A series of lectures called Played In London will take place every Thursday in May on the theme of the history of sport and play in the capital. These will be at The Gallery on Cowcross Street, Smithfield, and promise to take in everything from Tudor tennis to pub darts. They are hosted by the great Simon Inglis, author of the legendary Football Grounds of Great Britain, a candidate for the title of best book ever written.
In November, English Heritage will publish a book (Played In London – Charting The Heritage Of A City At Play) on the topic, including lots of brilliant pictures like the one above, featuring the Furnivall Sculling Club, the first rowing club for women on the Thames, or these ones featuring the British swimming team in 1908 and the diving board at White City from that same year.
Posted in Architecture, Books, History, London, Sport, Talks
Tagged 1908, cowcross street, diving, English Heritage, olympics, Played in London, rowing, sport, swimmimg, talks, the gallery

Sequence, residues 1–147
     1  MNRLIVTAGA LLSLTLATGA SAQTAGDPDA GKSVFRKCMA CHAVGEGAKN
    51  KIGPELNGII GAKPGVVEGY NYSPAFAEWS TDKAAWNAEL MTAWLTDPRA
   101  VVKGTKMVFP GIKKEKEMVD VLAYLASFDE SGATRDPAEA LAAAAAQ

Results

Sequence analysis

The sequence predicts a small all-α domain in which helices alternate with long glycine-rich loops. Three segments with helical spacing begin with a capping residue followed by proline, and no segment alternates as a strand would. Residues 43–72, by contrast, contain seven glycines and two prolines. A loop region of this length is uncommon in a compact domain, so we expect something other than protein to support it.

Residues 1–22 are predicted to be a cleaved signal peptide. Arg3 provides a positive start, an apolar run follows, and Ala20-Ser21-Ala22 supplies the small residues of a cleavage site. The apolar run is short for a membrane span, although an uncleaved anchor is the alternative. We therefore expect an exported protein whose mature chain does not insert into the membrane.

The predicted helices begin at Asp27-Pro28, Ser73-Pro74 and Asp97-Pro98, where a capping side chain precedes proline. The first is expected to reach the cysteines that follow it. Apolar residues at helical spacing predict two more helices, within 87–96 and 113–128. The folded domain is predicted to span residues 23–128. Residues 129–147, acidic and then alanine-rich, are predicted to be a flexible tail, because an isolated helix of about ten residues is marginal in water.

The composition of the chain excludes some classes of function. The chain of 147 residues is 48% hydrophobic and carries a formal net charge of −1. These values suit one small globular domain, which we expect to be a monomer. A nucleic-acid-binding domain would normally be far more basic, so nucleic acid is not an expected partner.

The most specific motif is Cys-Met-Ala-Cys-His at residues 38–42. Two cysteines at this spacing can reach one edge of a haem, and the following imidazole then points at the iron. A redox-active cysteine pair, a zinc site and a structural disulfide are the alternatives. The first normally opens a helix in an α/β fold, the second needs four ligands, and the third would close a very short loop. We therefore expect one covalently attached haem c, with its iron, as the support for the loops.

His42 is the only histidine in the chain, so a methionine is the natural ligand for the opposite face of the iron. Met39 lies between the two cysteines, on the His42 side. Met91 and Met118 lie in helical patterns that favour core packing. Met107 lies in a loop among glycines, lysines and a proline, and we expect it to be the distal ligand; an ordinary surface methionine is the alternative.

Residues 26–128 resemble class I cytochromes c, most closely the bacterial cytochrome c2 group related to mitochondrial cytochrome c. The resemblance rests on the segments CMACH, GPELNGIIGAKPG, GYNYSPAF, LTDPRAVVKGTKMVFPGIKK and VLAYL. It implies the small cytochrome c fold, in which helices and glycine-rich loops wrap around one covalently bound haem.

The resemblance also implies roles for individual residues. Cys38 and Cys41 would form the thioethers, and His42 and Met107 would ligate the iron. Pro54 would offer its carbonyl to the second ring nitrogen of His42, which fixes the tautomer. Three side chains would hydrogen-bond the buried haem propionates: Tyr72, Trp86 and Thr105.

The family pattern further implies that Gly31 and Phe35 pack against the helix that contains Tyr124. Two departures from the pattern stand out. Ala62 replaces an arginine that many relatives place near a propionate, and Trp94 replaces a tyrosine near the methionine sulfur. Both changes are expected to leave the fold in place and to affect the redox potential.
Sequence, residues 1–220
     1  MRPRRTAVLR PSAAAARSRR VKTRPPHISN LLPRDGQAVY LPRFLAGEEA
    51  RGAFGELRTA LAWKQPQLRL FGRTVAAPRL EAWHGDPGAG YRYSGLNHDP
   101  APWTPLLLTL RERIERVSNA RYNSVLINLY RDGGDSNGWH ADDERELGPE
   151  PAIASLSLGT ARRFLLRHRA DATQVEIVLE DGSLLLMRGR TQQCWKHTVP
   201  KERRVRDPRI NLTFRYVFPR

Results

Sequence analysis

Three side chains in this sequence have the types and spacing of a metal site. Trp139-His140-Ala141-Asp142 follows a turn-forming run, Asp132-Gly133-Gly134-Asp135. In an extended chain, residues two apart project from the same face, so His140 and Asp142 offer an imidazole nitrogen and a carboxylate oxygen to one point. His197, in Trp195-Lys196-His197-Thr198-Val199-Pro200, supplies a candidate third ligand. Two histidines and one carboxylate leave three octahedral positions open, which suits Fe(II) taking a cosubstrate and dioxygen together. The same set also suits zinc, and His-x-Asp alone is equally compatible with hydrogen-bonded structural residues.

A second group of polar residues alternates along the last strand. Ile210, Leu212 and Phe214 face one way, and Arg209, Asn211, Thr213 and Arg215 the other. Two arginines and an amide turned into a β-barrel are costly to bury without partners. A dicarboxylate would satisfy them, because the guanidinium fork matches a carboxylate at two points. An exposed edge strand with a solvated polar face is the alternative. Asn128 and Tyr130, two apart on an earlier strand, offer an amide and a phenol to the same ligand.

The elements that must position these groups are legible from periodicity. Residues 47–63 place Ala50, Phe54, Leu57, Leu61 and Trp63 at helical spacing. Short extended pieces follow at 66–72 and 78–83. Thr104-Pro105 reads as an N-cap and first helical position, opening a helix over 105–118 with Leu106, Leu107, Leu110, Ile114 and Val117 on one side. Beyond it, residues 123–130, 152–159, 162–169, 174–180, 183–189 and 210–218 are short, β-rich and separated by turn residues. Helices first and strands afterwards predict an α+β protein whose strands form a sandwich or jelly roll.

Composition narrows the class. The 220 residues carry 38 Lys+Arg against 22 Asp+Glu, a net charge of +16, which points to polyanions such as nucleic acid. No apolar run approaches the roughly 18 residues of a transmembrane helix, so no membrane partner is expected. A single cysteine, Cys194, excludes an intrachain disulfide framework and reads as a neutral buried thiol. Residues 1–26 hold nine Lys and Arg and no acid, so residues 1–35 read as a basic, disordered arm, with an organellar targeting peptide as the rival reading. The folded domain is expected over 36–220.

I had never gone anywhere near Savile Row until a couple of years ago, when I was asked to write about the Mayfair street’s long history of tailoring for an upmarket style magazine. Given that my greatest fashion claim-to-fame is that Manolo Blahnik’s niece once laughed at my trainers, this was a bit out of my comfort zone and I didn’t feel much better when I walked into Henry Poole and the immaculately dressed owner, Simon Cundey, informed me that ‘any good man should own five to seven suits’. I nodded and smiled nervously – I own one suit and it rarely leaves the closet.
Cundey then gave me a tour of the shop, and I was immediately struck by the contrast between the elegant ground floor where customers are measured up for their new clobber and the basement where most of the work gets done. This long subterranean room was filled with tailors of all ages and nationalities, some making waistcoats, others making pockets or trousers. They were sitting at battered wooden benches, cutting cloth delicately with solid scissors the size of scythes. The sound of sewing machines and portable radios were the only sign that we weren’t in the 19th century. It was a thrill to see an old industry being kept alive in such charismatic fashion, and the fact that most of the tailors were as badly dressed as me, didn’t hurt either. I made a mental note that I’d return, which I did earlier this year for a series of interview with the pocket-makers and trouser-tailors of Savile Row, during the course of which I asked my worst ever question as a journalist: ‘What is your favourite kind of pocket?’.
You can read it all here.